Empowerment is an interdisciplinary construct heavily grounded in the theories of community psychology. Although empowerment has a strong theoretical foundation, few context-specific quantitative measures have been designed to evaluate empowerment for specific populations. The present study explored the factor structure of a modified empowerment scale with a cross-sectional sample of 296 women in recovery from substance use who lived in recovery homes located throughout the United States. Results from an exploratory factor analysis identified three factors of psychological empowerment which were closely related to previous conceptualizations of psychological empowerment: self perception, resource knowledge and participation. Further analyses demonstrated a hierarchical relationship among the three factors, with resource knowledge predicting participation when controlling for self-perception. Finally, a correlational analysis demonstrated the initial construct validity of each factor, as each factor of empowerment was significantly and positively related to self-esteem. Implications for the application of psychological empowerment theory and research are discussed. PMID:22392193

  12. Playing Video Games While Using or Feeling the Effects of Substances: Associations with Substance Use Problems

    Directory of Open Access Journals (Sweden)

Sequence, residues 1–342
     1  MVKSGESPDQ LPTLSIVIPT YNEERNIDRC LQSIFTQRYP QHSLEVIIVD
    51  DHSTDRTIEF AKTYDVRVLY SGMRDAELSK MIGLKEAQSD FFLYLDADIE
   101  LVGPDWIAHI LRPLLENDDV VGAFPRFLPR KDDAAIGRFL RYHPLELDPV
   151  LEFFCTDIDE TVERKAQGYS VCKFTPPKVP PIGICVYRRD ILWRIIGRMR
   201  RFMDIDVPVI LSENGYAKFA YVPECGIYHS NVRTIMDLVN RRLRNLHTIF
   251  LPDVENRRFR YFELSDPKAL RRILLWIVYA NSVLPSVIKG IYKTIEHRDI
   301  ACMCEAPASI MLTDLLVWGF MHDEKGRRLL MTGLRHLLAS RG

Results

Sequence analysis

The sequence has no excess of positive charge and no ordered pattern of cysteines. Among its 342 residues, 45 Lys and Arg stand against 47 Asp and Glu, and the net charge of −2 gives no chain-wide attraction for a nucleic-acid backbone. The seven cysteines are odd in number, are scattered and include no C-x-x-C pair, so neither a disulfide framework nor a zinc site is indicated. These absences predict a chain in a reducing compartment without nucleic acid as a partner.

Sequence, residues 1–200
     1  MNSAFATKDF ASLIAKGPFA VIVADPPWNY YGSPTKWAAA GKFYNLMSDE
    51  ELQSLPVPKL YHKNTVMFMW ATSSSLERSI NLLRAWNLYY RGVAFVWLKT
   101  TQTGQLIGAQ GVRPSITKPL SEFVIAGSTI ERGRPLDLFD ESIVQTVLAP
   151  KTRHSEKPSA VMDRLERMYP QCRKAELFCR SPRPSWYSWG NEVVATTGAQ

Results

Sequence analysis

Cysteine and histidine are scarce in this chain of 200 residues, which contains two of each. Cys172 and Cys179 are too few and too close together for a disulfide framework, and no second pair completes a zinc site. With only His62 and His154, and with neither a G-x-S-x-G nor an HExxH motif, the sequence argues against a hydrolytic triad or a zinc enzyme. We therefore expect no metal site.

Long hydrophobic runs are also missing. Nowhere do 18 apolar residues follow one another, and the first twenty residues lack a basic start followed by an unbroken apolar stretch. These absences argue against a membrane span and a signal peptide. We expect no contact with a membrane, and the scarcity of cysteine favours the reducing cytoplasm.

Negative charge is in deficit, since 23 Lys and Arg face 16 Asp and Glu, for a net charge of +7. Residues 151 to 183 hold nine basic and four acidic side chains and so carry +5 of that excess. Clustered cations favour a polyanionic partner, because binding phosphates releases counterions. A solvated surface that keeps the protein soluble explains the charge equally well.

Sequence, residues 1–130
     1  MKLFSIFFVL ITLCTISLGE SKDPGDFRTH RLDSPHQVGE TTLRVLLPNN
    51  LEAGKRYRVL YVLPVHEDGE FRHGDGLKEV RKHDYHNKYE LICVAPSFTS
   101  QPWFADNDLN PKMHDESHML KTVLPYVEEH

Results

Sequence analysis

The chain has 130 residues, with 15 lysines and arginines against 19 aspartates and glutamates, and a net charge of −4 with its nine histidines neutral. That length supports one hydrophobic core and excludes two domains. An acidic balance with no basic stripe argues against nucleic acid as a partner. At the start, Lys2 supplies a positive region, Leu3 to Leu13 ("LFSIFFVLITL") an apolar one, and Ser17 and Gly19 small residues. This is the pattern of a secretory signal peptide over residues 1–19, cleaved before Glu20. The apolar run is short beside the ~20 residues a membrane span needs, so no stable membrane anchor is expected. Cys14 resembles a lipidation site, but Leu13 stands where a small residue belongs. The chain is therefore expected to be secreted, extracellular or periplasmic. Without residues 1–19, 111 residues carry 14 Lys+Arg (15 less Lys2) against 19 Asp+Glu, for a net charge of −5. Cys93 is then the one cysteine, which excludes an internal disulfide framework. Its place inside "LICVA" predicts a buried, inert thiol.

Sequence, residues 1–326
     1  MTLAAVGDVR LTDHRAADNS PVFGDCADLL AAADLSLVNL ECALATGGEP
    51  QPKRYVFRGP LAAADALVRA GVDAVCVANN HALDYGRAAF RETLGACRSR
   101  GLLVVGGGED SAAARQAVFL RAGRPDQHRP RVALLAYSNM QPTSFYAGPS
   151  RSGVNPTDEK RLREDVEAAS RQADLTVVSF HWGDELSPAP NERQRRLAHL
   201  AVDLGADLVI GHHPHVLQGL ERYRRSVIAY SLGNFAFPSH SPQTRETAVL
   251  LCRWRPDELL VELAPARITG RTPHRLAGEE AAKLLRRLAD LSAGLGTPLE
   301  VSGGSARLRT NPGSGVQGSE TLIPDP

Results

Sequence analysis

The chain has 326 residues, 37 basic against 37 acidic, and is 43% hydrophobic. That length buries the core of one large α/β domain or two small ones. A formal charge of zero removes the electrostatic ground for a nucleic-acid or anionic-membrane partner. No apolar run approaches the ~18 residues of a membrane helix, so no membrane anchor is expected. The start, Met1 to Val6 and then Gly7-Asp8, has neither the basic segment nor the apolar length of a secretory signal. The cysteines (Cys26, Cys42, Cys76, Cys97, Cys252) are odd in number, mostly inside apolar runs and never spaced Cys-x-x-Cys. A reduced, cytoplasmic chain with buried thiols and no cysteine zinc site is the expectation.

Geoffrey L. Ream

    2011-10-01

    Full Text Available This study tested the hypothesis that playing video games while using or feeling the effects of a substance—referred to herein as “concurrent use”—is related to substance use problems after controlling for substance use frequency, video gaming as an enthusiastic hobby, and demographic factors. Data were drawn from a nationally representative online survey of adult video gamers conducted by Knowledge Networks, valid n = 2,885. Problem video game playing behavior was operationalized using Tejeiro Salguero and Bersabé Morán’s 2002 problem video game play (PVP measure, and measures for substance use problems were taken from the National Survey of Drug Use and Health (NSDUH. Separate structural equation modeling analyses were conducted for users of caffeine, tobacco, alcohol, and marijuana. In all four models, concurrent use was directly associated with substance use problems, but not with PVP. Video gaming as an enthusiastic hobby was associated with substance use problems via two indirect paths: through PVP for all substances, and through concurrent use for caffeine, tobacco, and alcohol only. Results illustrate the potential for “drug interaction” between self-reinforcing behaviors and addictive substances, with implications for the development of problem use.